It always started with the smell of sunscreen and what seemed like a never-ending journey across the blacktop. In reality, the stroll from my parents’ car to the entrance of the park probably took less than five minutes, but the wait was unbearable for any 8-year-old. Wet 'n Wild was on the other side of those front gates, and that promised a day of water slides, Dippin’ Dots and the hope that you’d rise to the occasion—in height and courage—to finally ride that damn Der Stuka.
I never did brave the beast; the park closed in September 2004 before I could. But after nine years, our city’s water-park drought will end this summer with the arrival of a whole new Wet ’n’ Wild May 25 for season pass-holders and June 3 for everyone.
I grew up during the old park’s era, so my summers were synonymous with the place. I started off splashing in the kiddie pool, tackling the Bubble Up and begging my parents to take me on the Black Hole. By my teens, I knew all of Wet ’n’ Wild’s tricks—which lines filled up fastest, when to use the Lazy River to haul ass across the park, how to maximize your time on the Raging Rapids. I had conquered almost every ride. My friends and I would purchase season passes and sometimes hit the park two, three times a week. And we weren’t alone. Back then, Wet ’n’ Wild was like day camp for kids too old for day camp.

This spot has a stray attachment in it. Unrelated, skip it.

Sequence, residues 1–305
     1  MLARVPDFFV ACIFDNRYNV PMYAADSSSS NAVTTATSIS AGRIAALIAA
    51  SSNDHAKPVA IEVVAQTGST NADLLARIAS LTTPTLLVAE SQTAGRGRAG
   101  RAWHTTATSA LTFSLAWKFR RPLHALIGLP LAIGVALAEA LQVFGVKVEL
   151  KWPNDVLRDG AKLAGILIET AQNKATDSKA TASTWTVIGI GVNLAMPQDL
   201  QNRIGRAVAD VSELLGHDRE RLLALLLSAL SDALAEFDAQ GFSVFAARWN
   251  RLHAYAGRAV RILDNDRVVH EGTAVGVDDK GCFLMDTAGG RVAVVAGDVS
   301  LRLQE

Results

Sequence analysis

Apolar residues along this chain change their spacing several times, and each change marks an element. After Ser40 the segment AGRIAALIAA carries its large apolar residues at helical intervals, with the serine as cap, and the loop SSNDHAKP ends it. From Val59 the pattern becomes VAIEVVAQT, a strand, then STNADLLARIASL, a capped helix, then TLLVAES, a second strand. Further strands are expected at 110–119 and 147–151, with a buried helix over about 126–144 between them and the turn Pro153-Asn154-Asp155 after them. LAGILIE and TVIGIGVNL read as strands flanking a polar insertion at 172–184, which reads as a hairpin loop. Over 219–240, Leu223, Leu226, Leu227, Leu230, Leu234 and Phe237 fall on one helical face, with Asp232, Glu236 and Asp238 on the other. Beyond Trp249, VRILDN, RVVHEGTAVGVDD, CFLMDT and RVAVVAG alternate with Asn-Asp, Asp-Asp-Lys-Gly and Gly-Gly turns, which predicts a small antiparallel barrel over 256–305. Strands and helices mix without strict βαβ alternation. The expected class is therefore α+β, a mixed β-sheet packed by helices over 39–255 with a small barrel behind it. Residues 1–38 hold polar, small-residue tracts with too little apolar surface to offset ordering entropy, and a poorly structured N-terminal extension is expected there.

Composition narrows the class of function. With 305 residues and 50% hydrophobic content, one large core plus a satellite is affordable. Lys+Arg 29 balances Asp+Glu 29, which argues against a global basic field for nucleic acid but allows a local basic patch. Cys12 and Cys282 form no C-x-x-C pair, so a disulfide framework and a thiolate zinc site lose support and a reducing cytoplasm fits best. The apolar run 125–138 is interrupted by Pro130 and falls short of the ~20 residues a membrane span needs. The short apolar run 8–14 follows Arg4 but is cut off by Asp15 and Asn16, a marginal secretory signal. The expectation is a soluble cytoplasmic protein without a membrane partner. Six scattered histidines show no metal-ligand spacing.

But enough about yesteryear. There’s a whole new park now, with new rides and a new layout just waiting to be explored. The Stuka? It’s now called the Canyon Cliffs (because there are two of them). Speaking of classics, Dippin’ Dots will return in June. So you can’t get your fix opening weekend, but soon, my water-park-geek brethren.
Some rides have been preserved, with updated names. The Royal Flush is now Extreme; the Lazy River has morphed into the Colorado Cooler; the kiddie area has been renamed Splash Island. The Zipp Zapp Zoom slides sound a lot like the old park’s Whitewater and Black Hole slides, and the wave pool is now called Red Rock Bay; it’ll be your meet-up point if the new park’s layout is anything like the old one’s.
There are new thrills, too. The Rattler features descents of more than 40 feet; the Constrictor has spirals up to 18 miles an hour. As for the Hoover Half Pipe, it’s exactly what it sounds like. I’m even excited for Desert Racers, and yes, I know it looks like a collection of children’s slides.
This weekend’s grand opening has been a long time coming, and I know I’m not the only one eager to get my feet wet. Slap on the SPF, Las Vegas; it’s time to get wet and wild again.